Not Everyone is Self-Interested — Why Psychological Egoism is Wrong

Many people today believe that everyone is self-interested at all times. They say that people have no choice but to be selfish, in some way. This is a doctrine of human nature that’s been around for centuries, and it’s called “psychological egoism.” In this video, I’ll explain why this idea is wrong, and how it rests on a confused idea of what self-interest means.

So let’s get right to it. What does self-interest really mean? Does it mean doing whatever you want? No, it doesn’t.

Continue reading

QuickPoint 6: Psychological Egoism is False — Not Everyone is Selfish

The Virtue of SelfishnessAyn Rand properly recognized that people do not necessarily act in their own self-interest. There is a difference between having a psychological motive to act in a certain way and a self-interested reason to act in a certain way.

Having a psychological motive can simply mean having a subjective whim, and an action taken on this basis can be very damaging to oneself (and so, not self-interested.) There is also self-sacrifice out of a desire to “be good,” i.e. to follow the duties of an irrational morality.

(Imagine a young woman who has the passion and ability to become a great artist. She wants to become an artist, has ideas for great paintings, and being an artist would be her means to a happy, flourishing life. But she accepts the morality of altruism, and she is convinced that, rather than going to a top art school, it is her duty as a “privileged American” to devote her life to saving Third-World children. This is not self-interested, just because she wants to save Third-World children out of a sense of moral duty. Nor is it self-interested just because she may get some pleasure out of “being moral”–at first.)

Given one’s basic nature, situation, experiences, abilities and psychological makeup, one’s own self-interest is objective, not a matter of one’s momentary whims. Any pleasures one pursues must be consistent with one’s overall, long-term well-being–both physical and mental–to be moral.

Those who refuse to think and continually subvert their own minds are not selfish. They need their minds–their ability to reason–to achieve any positive thing they value. What can they achieve without reason? In principle, only their own destruction, and, to the extent they use force, that of others.

—–

Related Posts:

Atlas Shrugged, Altruism and Egoism

Why a Proper Ethics is Not a Set of Social Rules, But a Complete Way of Life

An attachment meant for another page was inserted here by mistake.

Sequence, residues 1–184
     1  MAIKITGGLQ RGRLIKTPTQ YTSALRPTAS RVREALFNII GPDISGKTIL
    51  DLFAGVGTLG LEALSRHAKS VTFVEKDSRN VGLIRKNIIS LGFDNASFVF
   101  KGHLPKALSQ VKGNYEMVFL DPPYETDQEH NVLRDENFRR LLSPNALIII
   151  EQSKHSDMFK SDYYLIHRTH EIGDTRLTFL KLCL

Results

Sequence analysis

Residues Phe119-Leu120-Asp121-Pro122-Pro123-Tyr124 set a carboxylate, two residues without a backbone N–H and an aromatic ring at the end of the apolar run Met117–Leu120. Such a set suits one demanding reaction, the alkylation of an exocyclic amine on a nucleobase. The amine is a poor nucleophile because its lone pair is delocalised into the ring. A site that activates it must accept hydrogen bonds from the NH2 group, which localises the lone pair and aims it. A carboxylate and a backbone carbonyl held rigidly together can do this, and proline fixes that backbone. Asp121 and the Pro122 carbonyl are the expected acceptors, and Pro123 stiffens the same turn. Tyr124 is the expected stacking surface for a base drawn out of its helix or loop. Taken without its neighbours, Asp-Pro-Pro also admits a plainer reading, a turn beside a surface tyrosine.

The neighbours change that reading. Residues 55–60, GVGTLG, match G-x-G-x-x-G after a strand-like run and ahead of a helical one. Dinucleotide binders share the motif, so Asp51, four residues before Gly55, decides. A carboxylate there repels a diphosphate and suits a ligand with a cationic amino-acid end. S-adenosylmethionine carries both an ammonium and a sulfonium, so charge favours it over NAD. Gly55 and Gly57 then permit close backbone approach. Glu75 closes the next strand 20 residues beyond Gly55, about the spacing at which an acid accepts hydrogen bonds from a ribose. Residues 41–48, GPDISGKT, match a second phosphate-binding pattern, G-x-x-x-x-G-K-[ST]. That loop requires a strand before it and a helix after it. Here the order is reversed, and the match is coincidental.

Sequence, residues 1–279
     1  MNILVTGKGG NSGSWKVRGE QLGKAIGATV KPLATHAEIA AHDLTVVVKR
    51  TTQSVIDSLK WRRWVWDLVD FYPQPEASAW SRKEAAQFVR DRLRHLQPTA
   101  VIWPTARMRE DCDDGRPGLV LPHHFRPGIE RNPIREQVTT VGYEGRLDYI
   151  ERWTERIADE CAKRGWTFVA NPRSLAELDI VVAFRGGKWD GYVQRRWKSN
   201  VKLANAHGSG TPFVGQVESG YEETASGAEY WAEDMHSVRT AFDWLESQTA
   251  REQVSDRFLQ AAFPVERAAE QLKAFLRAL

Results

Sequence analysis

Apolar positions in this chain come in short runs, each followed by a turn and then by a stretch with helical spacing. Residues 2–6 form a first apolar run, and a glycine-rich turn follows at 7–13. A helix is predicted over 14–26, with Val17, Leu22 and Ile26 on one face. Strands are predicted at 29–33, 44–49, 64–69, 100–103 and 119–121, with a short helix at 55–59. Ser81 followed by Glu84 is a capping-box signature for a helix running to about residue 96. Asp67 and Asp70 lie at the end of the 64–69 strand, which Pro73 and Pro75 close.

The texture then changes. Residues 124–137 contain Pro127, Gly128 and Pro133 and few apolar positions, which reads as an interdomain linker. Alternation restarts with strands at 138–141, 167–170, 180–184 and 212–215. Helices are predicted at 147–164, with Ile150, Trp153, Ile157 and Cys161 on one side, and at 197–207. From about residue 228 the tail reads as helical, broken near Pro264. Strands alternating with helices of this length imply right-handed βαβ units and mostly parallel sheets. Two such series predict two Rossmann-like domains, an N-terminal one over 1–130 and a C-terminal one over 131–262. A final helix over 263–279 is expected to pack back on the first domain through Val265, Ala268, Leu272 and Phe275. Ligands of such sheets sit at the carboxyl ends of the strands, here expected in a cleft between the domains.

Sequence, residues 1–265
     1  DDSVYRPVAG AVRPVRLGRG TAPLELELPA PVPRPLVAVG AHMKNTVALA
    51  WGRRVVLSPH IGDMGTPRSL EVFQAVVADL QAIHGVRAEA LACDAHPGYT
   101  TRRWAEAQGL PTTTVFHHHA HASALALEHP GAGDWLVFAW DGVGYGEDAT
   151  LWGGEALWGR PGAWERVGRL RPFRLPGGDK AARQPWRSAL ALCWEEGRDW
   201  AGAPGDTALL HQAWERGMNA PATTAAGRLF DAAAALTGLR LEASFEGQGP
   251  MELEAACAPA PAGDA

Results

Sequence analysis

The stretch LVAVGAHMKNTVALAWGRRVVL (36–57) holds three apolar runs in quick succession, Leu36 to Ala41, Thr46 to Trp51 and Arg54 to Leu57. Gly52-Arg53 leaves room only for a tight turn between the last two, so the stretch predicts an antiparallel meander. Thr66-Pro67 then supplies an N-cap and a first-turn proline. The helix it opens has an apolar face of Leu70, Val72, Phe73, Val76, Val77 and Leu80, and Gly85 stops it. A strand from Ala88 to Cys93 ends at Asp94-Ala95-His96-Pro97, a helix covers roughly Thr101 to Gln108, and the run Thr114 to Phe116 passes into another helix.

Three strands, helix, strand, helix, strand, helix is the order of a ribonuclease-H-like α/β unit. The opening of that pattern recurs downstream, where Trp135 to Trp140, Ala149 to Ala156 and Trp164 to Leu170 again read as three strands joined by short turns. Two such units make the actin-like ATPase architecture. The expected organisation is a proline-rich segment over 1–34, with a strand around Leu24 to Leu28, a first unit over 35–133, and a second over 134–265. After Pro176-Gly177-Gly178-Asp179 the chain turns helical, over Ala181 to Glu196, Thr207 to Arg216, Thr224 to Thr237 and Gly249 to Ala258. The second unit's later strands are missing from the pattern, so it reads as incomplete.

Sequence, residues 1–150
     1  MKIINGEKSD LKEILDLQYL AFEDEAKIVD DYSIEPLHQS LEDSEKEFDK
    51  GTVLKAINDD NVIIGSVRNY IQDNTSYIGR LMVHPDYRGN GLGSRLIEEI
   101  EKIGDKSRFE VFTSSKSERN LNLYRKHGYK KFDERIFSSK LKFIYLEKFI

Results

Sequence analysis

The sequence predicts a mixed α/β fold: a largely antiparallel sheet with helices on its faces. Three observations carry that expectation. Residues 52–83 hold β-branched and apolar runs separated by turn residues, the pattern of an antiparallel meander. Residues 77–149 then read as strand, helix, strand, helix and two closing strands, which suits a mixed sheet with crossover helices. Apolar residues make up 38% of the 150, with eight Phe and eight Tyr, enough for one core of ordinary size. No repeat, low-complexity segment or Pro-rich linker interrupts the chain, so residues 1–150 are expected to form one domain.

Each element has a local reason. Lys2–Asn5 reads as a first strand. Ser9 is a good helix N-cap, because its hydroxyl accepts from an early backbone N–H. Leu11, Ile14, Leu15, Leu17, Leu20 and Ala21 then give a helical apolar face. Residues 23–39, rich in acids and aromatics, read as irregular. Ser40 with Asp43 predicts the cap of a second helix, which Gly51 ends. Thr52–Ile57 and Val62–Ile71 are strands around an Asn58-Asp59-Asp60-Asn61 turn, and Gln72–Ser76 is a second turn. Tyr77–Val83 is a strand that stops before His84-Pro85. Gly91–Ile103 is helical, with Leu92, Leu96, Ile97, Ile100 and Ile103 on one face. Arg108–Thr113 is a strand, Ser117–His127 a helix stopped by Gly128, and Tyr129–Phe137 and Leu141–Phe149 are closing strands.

Values Are Relational But Not Subjective

QuickPoint 1: Thinking is Individual

Human Emotions are the Products of Beliefs and Subconscious Value Judgments

Human Emotions are the Products of Beliefs and Subconscious Value Judgments

The Virtue of SelfishnessIn The Virtue of Selfishness, Ayn Rand wrote,

Just as the pleasure-pain mechanism of man’s body is an automatic indicator of his body’s welfare or injury, a barometer of its basic alternative, life or death—so the emotional mechanism of man’s consciousness is geared to perform the same function, as a barometer that registers the same alternative by means of two basic emotions: joy or suffering. Emotions are the automatic results of man’s value judgments integrated by his subconscious; emotions are estimates of that which furthers man’s values or threatens them, that which is for him or against him—lightning calculators giving him the sum of his profit or loss.

But while the standard of value operating the physical pleasure-pain mechanism of man’s body is automatic and innate, determined by the nature of his body—the standard of value operating his emotional mechanism, is not. Since man has no automatic knowledge, he can have no automatic values; since he has no innate ideas, he can have no innate value judgments.

Man is born with an emotional mechanism, just as he is born with a cognitive mechanism; but, at birth, both are “tabula rasa.” [“blank slate”] It is man’s cognitive faculty, his mind, that determines the content of both. Man’s emotional mechanism is like an electronic computer, which his mind has to program—and the programming consists of the values his mind chooses.

But since the work of man’s mind is not automatic, his values, like all his premises, are the product either of his thinking or of his evasions: man chooses his values by a conscious process of thought—or accepts them by default, by subconscious associations, on faith, on someone’s authority, by some form of social osmosis or blind imitation. Emotions are produced by man’s premises, held consciously or subconsciously, explicitly or implicitly.

Man has no choice about his capacity to feel that something is good for him or evil, but what he will consider good or evil, what will give him joy or pain, what he will love or hate, desire or fear, depends on his standard of value. If he chooses irrational values, he switches his emotional mechanism from the role of his guardian to the role of his destroyer. The irrational is the impossible; it is that which contradicts the facts of reality; facts cannot be altered by a wish, but they can destroy the wisher.

Here Miss Rand is referring to the specifically human form of emotion. But let’s start with the most basic form in which emotions manifest: in non-human animals.

Continue reading

The Theme

A musical theme for this blog. I choose it not because it’s my favorite piece of music ever, (though it is fairly high on the list) but because it fits how I feel about the blog. I only wish it were longer. This theme music for the blog has been added to the About page, and may change from time to time.